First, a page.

“You talk like you know me. I assure you. You don’t.”
If she knew what kind of man he actually was, she would choose to go alone. He was already contemplating stealing the silver pendant she wore around her neck. Her winter suit alone must’ve cost a few hundred dollars. Her ski equipment was rented, but all of her effects were hers. If he was a complete cad, he would take every valuable thing off her body and leave her vulnerable on the hill. As lovely as she was, if she caused him to lose the biggest payday he would ever know, he would steal her soul if it was worth something to an interested buyer.
“I don’t know you, Edward,” said Valerie a bit too calmly. “But I know men like you. But, this isn’t really who you are. Not in your soul. It is beautiful. Kind…Honest.”
Edward could not stifle a scoffing laugh from escaping.
“C’mon. Let’s get you down to the lifts….”
Almost an hour passed before the two made it down the hill to the platform to await a chairlift. Finally, after a few minutes, a bench appeared out of the white fog and gracefully descended towards them. Edward grasped the handle, guiding the seat towards Valerie and holding it steady. Valerie half hobbled, half hopped into the chair, and secured the lap belt around her waist. Edward handed her the one surviving pole she used to crutch herself through the snow.
“What about the other ski and pole? Will you go back for it?”
Edward smiled instead and nodded, relaxing Valerie back into her seat.
“How can I thank you for your kindness?”
Edward heard of how women could and sometimes would plead without actually asking to spend time with a man. He never experienced the phenomenon himself. He certainly would not have expected a beautiful creature like this fallen angel to actually beg him to meet up with her later. He couldn’t believe his luck.
He couldn’t believe the timing.
Such awful, dreadful timing…
“Your smile is payment enough,” Edward lied.
Valerie nodded. “Well, I guess this is it, then. If I don’t see you again… Thanks for everything.”
Edward nodded awkwardly. He wanted to say more, maybe even accept her offer for a cup of coffee. After the sale was complete, he would have a little time to remain in the area to secure the artifact in a safe deposit box before boarding a flight. Maybe he could enjoy a coffee then… If there was time.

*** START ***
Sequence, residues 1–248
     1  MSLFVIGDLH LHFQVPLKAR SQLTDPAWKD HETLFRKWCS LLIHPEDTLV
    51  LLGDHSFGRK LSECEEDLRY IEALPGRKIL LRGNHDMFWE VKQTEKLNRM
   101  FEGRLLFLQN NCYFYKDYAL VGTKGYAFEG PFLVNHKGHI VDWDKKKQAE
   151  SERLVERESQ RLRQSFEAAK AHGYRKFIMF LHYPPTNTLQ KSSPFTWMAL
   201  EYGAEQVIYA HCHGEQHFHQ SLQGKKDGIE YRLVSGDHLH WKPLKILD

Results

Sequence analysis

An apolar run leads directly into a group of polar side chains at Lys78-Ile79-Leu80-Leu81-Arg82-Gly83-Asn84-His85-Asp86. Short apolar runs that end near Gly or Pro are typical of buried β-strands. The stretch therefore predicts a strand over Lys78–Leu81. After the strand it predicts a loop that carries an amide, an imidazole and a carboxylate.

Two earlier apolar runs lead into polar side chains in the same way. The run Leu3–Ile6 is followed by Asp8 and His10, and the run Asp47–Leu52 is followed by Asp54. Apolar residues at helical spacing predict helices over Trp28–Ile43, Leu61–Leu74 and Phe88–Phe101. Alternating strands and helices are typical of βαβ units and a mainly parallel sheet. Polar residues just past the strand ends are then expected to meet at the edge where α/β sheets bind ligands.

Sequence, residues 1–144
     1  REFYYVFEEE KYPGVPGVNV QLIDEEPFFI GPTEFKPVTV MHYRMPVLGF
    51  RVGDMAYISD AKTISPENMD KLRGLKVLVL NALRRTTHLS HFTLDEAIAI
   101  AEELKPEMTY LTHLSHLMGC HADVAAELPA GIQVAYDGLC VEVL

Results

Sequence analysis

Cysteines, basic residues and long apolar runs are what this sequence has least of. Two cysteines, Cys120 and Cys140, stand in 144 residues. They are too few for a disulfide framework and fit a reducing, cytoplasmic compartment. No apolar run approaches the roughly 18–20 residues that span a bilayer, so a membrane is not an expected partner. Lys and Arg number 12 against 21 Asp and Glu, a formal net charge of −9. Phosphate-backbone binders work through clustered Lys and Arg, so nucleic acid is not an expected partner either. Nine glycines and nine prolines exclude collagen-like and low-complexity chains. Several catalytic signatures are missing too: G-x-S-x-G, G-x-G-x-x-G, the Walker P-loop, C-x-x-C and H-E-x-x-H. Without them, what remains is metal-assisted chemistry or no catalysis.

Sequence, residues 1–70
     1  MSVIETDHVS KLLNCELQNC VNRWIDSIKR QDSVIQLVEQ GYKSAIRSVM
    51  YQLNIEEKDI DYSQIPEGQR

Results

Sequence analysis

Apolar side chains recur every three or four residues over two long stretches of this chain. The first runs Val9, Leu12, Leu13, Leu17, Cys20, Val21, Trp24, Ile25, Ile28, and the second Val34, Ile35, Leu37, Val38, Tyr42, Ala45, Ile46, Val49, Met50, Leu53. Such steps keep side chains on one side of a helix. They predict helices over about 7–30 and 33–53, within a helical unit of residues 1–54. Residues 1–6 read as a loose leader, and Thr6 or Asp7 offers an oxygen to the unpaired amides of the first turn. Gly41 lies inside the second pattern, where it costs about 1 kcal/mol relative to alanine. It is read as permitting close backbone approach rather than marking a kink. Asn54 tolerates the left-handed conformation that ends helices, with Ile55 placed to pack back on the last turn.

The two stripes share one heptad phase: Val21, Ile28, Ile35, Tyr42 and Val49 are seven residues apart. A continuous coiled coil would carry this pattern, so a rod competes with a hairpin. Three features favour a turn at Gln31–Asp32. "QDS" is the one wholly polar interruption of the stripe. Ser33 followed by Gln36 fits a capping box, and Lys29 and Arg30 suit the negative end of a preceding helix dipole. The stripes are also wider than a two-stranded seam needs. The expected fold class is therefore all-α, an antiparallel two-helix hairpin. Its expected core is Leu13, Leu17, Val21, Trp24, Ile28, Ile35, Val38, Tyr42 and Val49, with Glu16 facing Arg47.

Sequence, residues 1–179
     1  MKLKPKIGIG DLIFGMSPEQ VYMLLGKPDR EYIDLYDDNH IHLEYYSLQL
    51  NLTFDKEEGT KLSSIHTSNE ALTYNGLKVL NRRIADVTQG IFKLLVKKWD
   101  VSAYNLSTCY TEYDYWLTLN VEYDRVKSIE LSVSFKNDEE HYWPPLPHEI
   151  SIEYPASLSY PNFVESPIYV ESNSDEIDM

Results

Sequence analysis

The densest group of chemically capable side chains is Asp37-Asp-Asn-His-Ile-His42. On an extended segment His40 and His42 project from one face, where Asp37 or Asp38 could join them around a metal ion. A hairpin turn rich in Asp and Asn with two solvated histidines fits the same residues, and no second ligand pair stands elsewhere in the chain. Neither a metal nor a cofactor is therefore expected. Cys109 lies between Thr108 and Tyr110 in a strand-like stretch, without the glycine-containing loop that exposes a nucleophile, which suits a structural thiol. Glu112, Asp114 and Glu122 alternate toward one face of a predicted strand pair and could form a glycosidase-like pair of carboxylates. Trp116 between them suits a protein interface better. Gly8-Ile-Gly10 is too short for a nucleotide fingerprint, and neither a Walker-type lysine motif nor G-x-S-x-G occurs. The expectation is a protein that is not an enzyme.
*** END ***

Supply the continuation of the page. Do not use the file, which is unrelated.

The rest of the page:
“You take care of yourself,” Edward said, giving Valerie a warm yet fated grin.
She extended a gloved hand.
“You can be a good man if you wanted to be,” said Valerie with a meaningful look. “You could be an honest man.”
“I could…But what’s the fun in that?” Edward grinned.
“True. I told myself I could ski that mountain. I assumed the risks. But I wasn’t honest with myself, nor was I honest to the instructors who let me go. They told me not to do it, but I went anyway…For fun.”
“I hope you learned something, then.”
At that, Edward watched as Valerie sailed off into the white fog.
This was the moment.
He could barely sit still for the electricity coursing through his veins, sending every nerve in his body on end, waiting.
A knock sounded at the door.
Edward got up. Unlocked the door. Peered out.
Light brown eyes met him along with a pleasant smile.
“What are you doing here? How did you find me?”
“I’ve always known where to find you, Edward. I’ve seen you.”
Valerie only smiled in response. She stepped closer to the door, still wearing her pink and blue winter coat. She was not wearing crutches, nor did she appear to be hobbling anymore.
“What happened to your foot? Did they fix it?”
“My foot was never broken. I only said that it was…. And you believed me.”
Edward was confused. When he left Valerie, he was sure she was on her way to the hospital. Now she stood at his door, smiling and looking like nothing happened to her. Why did she lie? Why did she pretend to be hurt?
“To see if there was any good in you,” Valerie responded. “To see you for what you are… A thief… And a liar.”
“What do you mean? I never lied to you.”
“Yes you did,” Valerie accused. “You lied, and you stole. You stole my eye, and now I want it back.”
“Your eye? I don’t have your eye.”
Edward suddenly felt himself growing colder than he had ever felt even while on the mountain. Valerie’s light brown eyes stared unblinkingly… Deep into his soul. His chest pulled in tight, squeezing his thundering heart. He grimaced uncomfortably.
“Return my eye, or face death over and over. Eternally. Your soul to die with your body… forever.”
“I don’t have your eye.” Edward said despite feeling choked from within.
“Still lying. Still greedy.” Valerie raised her chin.
She turned away.
“Is that what this is all about? You want the jewel? Well, I don’t have it. I’ve already sold it.”
She turned and faced him. Suddenly, she raised a hand. Behind Edward, the safety box hidden behind a hanging picture, blew open. The opaque stone flew out and shot past him into Valerie’s extended hand. A strange golden glow encircled her as her eyes burned like flames in a fireplace. Her pleasant smile suddenly turned cruel and malicious.
“You signed the waiver. You assumed the cost of your high-risk plan. If you cannot return my eye, I will return you to the death you should have had.”
Valerie snapped her fingers.
Edward was once more in the cold, skiing fast down the mountain.
Trees whizzed past.
His screams bellowed into the air.
The edge of the mountain drew close.
The horizon opened out, welcoming him into the white fog.
And then… below…